The gene–gene interaction screening revealed an interaction between rs1800597 and rs6269, thus we performed a secondary analysis to further understand how these SNPs interact. We divided the full data set into three subsets based on a single SNP genotype, then tested the association of the other SNP in the three subsets. When we tried to split the full data set by the rs6269 genotypes GG, GA and AA, we found that rs1800497 was only associated with PTSD (P < 0.05) in the rs6269 GG set, which had a relatively small sample size (19 cases and 100 controls). Thus we decided to divide the full data set according to the genotype of rs1800597 (AA, AG, and GG).
We firstly utilized a chi-squared test for the contingency table to examine the difference of gender distribution among subsets and Analysis of Variance (ANOVA) to examine the age difference among subsets. Then we performed chi-square tests (genotypic and allelic model, respectively) and logistic regression for rs6269 in each subset and the full set. The logistic regression model followed the abovementioned optimized model. For all the logistic regressions with additive model of minor allele count per person, we coded AA/AG/GG as 2/1/0 for rs1800497 and GG/GA/AA as 2/1/0 for rs6269 respectively. Besides the SNP analysis, we further performed haplotype-based analysis for haplotypes of rs6269-rs4633-rs4818-rs4680 for each subset and the full set. A linkage disequilibrium (LD) plot was drawn in Haploview. We then estimated the haplotype frequency by an expectation maximization (EM) algorithm implemented in PLINK and performed logistic regression with gender, age and trauma exposure as covariates to examine the haplotype-PTSD association. To guard against bias due to the relatively small sample size, we employed a permutation analysis with 1,000,000 permutation cycles to verify the results of the subset analyses.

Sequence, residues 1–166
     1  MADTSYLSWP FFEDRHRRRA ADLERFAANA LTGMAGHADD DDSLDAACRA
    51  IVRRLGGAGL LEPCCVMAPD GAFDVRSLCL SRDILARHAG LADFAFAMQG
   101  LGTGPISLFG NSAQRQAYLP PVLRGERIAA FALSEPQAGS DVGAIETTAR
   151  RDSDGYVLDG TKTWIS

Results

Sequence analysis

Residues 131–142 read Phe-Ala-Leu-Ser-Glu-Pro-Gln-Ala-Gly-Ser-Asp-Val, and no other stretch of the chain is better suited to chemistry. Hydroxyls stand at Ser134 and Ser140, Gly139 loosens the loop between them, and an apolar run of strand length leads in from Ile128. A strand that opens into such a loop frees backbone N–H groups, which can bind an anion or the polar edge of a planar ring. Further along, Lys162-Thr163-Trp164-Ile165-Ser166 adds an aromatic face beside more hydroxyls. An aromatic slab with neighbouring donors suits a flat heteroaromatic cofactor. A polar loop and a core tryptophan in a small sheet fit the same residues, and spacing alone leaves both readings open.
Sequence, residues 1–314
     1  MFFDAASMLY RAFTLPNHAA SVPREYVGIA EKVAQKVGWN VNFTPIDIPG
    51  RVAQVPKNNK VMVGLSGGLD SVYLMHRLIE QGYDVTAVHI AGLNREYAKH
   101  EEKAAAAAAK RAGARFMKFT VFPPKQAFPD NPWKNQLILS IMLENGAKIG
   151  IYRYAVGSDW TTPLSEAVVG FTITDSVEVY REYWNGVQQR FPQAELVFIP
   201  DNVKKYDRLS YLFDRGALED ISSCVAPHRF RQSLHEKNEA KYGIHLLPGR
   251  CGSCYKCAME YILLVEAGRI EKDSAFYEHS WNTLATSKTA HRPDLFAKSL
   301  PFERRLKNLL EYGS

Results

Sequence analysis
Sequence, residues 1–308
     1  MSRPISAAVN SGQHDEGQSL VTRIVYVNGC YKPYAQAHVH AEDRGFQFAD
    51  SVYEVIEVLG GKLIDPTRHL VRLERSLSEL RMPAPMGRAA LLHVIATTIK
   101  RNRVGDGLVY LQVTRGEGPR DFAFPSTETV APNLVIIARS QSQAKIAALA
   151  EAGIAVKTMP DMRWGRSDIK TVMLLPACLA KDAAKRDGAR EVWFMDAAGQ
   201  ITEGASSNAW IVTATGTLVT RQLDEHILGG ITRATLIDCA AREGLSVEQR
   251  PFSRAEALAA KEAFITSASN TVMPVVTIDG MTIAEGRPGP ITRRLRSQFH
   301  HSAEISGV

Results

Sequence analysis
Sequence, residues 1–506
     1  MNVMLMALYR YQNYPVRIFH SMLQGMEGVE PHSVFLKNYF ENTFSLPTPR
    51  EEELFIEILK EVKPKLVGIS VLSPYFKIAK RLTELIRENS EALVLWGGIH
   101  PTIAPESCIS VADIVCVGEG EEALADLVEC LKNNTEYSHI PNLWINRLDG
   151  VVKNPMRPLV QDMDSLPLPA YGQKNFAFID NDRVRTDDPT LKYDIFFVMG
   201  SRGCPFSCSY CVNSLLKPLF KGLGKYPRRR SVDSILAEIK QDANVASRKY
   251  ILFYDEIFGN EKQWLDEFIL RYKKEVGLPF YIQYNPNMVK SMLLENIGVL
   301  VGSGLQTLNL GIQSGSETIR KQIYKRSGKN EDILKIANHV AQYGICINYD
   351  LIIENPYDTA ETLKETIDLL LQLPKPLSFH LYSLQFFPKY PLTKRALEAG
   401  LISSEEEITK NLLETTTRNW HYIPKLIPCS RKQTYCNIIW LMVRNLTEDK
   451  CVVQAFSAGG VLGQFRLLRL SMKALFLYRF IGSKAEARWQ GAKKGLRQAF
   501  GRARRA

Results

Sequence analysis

Gene–Gene Interaction Screening and Follow-Up Logistic Regression Analysis